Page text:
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Emily Anderson

Scott Harris, M.A.

UNIV 392

June 20, 2018

Prompt 1

In both Thoreau and Coleridge, nature and the wilderness play an important role in

reflection as well as action. In Thoreau’s “Walking”, Thoreau claims that a “Walker” exists

outside of societal institutions- “He is a sort of fourth estate, outside of Church and State and

People” (Thoreau 261). For one to reflect most fully in Thoreau’s experience, they must detach

themselves fully from the world around them. Coleridge, while similar, approaches reflection in

the wild in a slightly different way. In his poem, he also maintains that one must move

throughout nature in order to fully reflect and see the world for its true self. However, Coleridge

has this aspect in his writing of returning to the world once it has been reflected on, whereas

Thoreau pushes staying in the wild.

In Thoreau’s “Walking”, the natural and wild are depicted as superior to the civilized and

domestic. He maintains the belief that all good and great things draw themselves from nature, as

with the tale of Remus and Romulus. Thoreau says of all great civilizations that “[t]he founders

of every State which has risen to eminence have drawn their nourishment and vigor from a

similar wild source” (Thoreau 273). To Thoreau, in order for great civilization to occur and for

individuals to grow, one must go out into nature and truly reflect on what it means to exist in this

world. One cannot know all simply by remaining in place- it is required that one moves and


It is also important to note that Thoreau speaks only on the “Holy Land” on which he is

walking errant and exploring as heading West. In “Walking”, it is the West that is lauded as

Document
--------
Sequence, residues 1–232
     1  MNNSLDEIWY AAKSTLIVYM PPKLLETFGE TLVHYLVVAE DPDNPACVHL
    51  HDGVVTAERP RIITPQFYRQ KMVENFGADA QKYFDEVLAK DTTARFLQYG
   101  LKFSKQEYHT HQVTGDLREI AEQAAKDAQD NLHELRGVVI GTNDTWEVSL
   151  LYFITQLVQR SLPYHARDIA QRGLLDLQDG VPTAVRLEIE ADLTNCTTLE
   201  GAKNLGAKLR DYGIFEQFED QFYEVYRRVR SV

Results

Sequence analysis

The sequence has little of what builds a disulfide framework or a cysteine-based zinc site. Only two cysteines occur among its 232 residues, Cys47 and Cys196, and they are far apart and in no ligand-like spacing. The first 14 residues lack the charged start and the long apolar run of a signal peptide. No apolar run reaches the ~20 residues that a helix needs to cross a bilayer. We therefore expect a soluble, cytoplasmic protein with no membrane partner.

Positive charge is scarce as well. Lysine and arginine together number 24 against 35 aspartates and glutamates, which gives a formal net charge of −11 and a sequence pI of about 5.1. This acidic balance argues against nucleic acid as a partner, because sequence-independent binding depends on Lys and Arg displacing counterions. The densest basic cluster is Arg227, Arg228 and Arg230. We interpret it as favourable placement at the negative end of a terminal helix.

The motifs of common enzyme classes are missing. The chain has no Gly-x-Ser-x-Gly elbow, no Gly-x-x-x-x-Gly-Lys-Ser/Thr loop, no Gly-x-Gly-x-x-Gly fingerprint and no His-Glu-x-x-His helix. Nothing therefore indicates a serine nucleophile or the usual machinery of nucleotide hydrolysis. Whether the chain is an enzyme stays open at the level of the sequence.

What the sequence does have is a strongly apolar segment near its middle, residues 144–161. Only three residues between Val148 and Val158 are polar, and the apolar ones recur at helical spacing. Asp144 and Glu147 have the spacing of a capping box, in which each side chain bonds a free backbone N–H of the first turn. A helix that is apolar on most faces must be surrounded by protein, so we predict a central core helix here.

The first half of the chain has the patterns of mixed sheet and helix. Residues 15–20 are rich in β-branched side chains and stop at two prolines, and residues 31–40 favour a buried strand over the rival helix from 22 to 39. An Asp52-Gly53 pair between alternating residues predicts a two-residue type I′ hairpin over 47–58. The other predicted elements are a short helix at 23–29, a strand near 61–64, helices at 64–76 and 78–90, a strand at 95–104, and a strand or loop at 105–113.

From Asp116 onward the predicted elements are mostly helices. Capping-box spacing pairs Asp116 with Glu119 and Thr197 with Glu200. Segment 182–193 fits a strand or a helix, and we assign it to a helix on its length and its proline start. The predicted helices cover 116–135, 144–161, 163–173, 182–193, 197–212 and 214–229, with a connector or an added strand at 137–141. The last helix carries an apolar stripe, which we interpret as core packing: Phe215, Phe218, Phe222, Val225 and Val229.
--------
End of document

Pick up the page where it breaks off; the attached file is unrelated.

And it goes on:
being filled hope, success, and fruit. While Thoreau utilizes the Latin phrase meaning “from the

East, light; from the West, fruit,” he seems to dismiss a lot of growth and civilization that existed

in the East. He also refuses to recognize different philosophies and cultures from other parts of

the world- though it is worth mentioning he would have less access to those sorts of perspectives

at the time he is writing this. It is also important to recognize the privilege that Thoreau has in

society as a well to do, land-owning man. He suggests in “Walking” that people must leave idle

lifestyles in favor of the wilderness, yet recognizes that this is not possible for all people. It is

really only possible for people of similar lifestyles to his own- meaning that true enlightenment

and reflection are restricted to people like him. Because of this, there are multiple factors at play.

Coleridge, on the other hand, outlines how the beauty and wildness of nature helps us to

reflect but also to return to society. Whereas Thoreau encourages people to abandon the

“civilized” world, Coleridge encourages people to utilize the natural to give perspective to the

way in which people live. Coleridge pushes the idea of moving around like Thoreau does,

exploring nature so that people might see with greater context the world in which they exist.

However, Coleridge pushes that reflection leads to action. After climbing to a mount in which he

could overlook his brethren at work, he feels a guilt at retiring away. He says in his poem that, “I

therefore go, and join head, heart, and hand/ Active and firm, to fight the bloodless fight/ Of

Science, Freedom, and the Truth in Christ” (Coleridge 2). It was necessary for him to be away

from others, at peace in the wilderness and amongst nature, so that he could see the suffering

below and reflect on what he might do. That is one of the fundamental differences between

himself and Thoreau. Thoreau praises the wildness of nature and man’s place solely within

nature, whereas Coleridge acknowledges the beauty and truth that lies within nature and how it

helps in a true, robust reflection. To this end, it is Coleridge who takes a more pragmatic and

ethical approach to nature and its impact on reflection.

Reflection, while introspective, is not necessarily individualistic. It is required in order to

take better, more appropriate action to ensure that humanity is functioning in a way that benefits

all people. Coleridge’s “Reflections on Having Left a Place of Retirement” acknowledges this,

that it is the responsibility of people to take action after reflecting, or use reflection in a way that

is helpful to others. Thoreau’s “Walking”, on the other hand, while it might be introspective,

lacks the action that reflection requires one to take. The use of nature in both varies, though they

both find peace and serenity within the wilderness- something that seems at both times

contradictory and sensible. To this end, it is less an issue of how to reflect but rather what to use

reflection for- namely, action.